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Becoming Future-Ready By Mainstreaming The Right Technology Skills

Jayanta Banerjee, Group CIO, Tata Steel

Jayanta has been with Tatas for almost twenty seven years and has lead businesses, sales, delivery, operations and IT/ digital globally.

One of the better outcomes of the pandemic has been the greater appreciation of the role of technology in our lives and how with the support of technology we managed to maintain some semblance of normalcy during the past 10 months. The compulsion to work from home pushed millions across the world to rely on basic technology skills to continue doing their job with little or no interruption. With multiple IT tools and software at your disposal, the key would be to learn how to apply the correct technology to solve critical business problems. Simple DIY tools and software will be more prevalent and would seek dominance over complex technical tools which require expert guidance for usage. With digital adoption on the rise and end customer reachability catching up, digital aggregators, providing an array of standard or customized services for the end consumer will play an important role going forward.

What we experienced during the pandemic also in many ways accelerated our dependence on technology. A large part of daily life shifted to a more virtual world such as online school and colleges, increase in online commerce largely fuelled by groceries and food deliveries etc. With customers moving to the virtual world more traditional businesses like kirana stores and heavy industries (capital goods) too have now a digital front for their businesses. Living under the lockdown also helped us realise the potential of digital healthcare where medical consultations can continue online. We have already witnessed the significance of digital tools in our daily lives and it will only have incremental impact going forward, but in order to create a differentiating factor for organisations, the key would be master the ability to choose and make the right investments in technology. Business leaders and CIOs in particular, have a significant role to play where they will have to create a clear road map to leverage the return on investments and to ably use their skilled talent.

The digital transformation impacting all walks of life also means that we will have to create a new skills ecosystem to meet this new demand. By some estimates these unlocking of the digital economy could create up to 65 million new jobs by 2025. It would be paramount to have a macro and core understanding of the latest in technology. Artificial Intelligence is gaining semblance and looks to be ready to evolve further into mainstream usage. Having your business servers and storages on cloud already looks like a thing of the past as cloud native architecture gains further steam. A deep understanding of evolving technologies such as blockchain, edge, networking option, sensors etc. will be critical as they gain more focus and business usage. Staying current and relevant is very important. Skills that were once niche are becoming mainstream and more importantly the shelf-life of these skills are much shorter and therefore need constant upgrading. The fact is technological learning and upgrading of skills will be a continuous process in 2021 as it was before and during the pandemic and among these few IT skills will remain crucial in the coming years.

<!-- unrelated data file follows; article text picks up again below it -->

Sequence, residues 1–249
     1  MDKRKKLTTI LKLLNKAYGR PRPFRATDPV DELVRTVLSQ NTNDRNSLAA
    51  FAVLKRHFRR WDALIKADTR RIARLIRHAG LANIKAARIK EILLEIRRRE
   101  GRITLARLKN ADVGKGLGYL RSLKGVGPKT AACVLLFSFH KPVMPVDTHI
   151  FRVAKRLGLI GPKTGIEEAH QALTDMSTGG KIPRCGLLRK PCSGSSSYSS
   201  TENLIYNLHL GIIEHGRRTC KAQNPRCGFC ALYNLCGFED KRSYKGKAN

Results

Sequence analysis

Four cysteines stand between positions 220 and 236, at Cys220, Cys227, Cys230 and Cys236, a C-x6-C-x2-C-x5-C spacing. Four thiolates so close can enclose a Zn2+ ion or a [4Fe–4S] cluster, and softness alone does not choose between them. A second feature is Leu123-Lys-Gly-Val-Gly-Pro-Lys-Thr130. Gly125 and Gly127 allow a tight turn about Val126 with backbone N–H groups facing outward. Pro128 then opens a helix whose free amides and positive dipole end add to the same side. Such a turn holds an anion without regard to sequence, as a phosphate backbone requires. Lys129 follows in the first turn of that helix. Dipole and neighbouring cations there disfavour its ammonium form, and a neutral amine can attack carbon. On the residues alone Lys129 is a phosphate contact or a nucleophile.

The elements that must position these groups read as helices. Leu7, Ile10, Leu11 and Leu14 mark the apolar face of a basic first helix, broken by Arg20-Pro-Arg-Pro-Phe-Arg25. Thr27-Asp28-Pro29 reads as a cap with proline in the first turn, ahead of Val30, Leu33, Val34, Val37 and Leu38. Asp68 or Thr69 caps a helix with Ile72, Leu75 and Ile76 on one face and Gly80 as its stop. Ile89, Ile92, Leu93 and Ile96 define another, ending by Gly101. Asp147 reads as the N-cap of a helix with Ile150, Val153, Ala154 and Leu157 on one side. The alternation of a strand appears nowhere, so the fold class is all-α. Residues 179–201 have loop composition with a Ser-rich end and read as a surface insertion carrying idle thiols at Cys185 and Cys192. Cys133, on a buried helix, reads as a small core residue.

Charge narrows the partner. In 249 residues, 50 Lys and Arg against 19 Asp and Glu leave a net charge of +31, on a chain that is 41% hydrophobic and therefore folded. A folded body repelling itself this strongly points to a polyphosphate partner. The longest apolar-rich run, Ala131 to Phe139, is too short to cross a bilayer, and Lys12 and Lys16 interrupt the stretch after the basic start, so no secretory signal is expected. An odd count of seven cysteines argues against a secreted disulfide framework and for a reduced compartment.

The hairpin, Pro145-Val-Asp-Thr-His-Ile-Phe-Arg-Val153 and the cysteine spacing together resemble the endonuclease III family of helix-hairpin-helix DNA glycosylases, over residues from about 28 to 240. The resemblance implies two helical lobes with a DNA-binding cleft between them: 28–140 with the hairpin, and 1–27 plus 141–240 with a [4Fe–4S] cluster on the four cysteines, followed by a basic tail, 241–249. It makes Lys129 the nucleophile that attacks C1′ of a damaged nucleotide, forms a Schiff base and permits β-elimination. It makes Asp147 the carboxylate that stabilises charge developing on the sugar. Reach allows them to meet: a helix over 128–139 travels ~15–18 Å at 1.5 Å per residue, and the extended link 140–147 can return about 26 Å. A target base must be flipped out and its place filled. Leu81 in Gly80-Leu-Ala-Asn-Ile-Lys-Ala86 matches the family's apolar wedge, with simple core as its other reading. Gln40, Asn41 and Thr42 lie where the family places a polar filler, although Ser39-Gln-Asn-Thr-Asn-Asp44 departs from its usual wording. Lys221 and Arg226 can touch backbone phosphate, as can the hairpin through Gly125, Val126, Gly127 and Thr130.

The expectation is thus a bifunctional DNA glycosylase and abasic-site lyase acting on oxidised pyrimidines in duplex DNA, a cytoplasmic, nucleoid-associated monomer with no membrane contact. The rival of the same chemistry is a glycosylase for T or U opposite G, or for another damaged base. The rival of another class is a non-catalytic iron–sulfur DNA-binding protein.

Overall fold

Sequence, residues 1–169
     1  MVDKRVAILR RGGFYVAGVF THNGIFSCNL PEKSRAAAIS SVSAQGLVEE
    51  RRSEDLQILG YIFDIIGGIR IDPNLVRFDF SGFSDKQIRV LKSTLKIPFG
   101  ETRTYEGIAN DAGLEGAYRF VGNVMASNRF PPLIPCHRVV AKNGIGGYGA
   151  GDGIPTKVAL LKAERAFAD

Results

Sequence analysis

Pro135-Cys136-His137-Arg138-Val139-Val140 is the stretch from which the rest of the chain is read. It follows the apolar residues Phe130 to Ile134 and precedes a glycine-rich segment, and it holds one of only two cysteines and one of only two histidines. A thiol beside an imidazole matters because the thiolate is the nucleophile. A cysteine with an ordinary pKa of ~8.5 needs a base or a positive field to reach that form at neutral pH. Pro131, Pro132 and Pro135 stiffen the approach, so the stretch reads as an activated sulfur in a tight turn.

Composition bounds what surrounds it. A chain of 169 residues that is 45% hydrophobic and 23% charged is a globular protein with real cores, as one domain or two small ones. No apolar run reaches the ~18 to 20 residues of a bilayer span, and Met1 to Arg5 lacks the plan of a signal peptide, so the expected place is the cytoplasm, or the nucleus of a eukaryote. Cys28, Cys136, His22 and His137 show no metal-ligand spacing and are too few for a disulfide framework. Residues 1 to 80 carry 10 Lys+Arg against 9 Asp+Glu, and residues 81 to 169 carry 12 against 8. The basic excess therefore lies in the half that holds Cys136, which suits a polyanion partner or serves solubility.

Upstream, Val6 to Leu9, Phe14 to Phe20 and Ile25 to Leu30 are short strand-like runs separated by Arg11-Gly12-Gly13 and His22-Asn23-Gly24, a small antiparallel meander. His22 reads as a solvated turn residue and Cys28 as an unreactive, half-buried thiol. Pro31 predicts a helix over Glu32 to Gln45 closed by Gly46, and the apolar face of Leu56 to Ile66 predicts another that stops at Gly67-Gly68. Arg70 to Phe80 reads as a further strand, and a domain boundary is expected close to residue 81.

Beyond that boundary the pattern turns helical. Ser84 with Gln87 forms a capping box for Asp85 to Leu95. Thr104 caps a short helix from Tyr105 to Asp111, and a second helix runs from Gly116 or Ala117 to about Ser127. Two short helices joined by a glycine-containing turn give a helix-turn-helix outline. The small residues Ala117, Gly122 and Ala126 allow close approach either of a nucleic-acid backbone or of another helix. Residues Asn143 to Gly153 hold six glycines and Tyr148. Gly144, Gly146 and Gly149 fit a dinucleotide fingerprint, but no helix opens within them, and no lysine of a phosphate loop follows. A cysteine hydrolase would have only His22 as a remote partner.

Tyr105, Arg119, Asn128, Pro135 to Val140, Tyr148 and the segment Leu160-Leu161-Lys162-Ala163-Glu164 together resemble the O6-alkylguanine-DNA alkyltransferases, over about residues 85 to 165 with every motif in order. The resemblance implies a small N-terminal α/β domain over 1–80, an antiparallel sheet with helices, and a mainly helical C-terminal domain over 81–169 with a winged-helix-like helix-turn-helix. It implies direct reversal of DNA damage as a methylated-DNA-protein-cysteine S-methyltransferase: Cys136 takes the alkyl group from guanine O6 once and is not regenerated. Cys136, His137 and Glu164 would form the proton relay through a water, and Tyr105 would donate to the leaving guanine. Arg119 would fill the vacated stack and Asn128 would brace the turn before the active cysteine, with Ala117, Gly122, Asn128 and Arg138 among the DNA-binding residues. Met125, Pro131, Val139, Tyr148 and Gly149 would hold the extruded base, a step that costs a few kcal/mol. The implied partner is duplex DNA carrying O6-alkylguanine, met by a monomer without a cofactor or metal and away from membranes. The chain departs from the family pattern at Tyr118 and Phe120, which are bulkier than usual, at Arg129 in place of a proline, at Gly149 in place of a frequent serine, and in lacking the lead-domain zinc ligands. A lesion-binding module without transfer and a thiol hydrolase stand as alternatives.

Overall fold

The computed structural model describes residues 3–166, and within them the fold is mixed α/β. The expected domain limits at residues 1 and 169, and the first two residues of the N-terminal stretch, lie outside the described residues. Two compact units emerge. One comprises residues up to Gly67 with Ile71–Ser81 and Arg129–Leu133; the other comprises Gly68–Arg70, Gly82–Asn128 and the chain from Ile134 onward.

With the new normal setting in and most of the workforce working from home, IT landscape is susceptible to the ever-rising cyber-attacks. This is a real concern not just because of the typical business vulnerabilities, a successful infiltration from a cybercriminal could shut down a plant's operations or start making equipment produce faulty products without the knowledge of managers, among other things. Business leaders not only have to invest in secure products but people who have the skill to anticipate and identify such threats and act with agility to protect the organisation from unforeseen cyber-attacks. We believe, both ethical hackers and traditional cyber security specialists with expertise in Security Information & Event Management, Security Orchestration, Automation and Response, Cloud Access Security Broker etc. will have a role to play.

The digital transformation impacting all walks of life also means that we will have to create a new skills ecosystem to meet this new demand

Data is one of the most critical aspects in today’s business environment and thus, ensuring its correct usage becomes paramount. More and more companies are aspiring to enable swift & remote decision making. Data capture, its storage and judicial usage in carrying out data analysis for gaining accurate business insights is paramount to succeeding in the new normal. It is important to have a robust IT Infrastructure to generate incremental amounts of data and use it such that a single version of truth prevails for everyone in the organisation.

Identifying the right kind of skills is one thing, but building an ecosystem that produces a large pool of skilled workforce is a much bigger challenge. The significance of this is not lost on today’s business leaders. For example, we are seeing a sizable growth in resources allocated to build the right skills within large and small organisations across all sectors. Training and retraining of the workforce are also getting the necessary support within the HR function. The importance of industry-academia collaboration to sustain the flow of skilled workforce is also getting mainstreamed which is vital to ensure we wedge the demand-supply gap in quick time. We already know that the technology workforce is moving from backseat to the front seat in almost every sector. Acknowledging and investing in this shift is going to make all the difference in 2021 and beyond.

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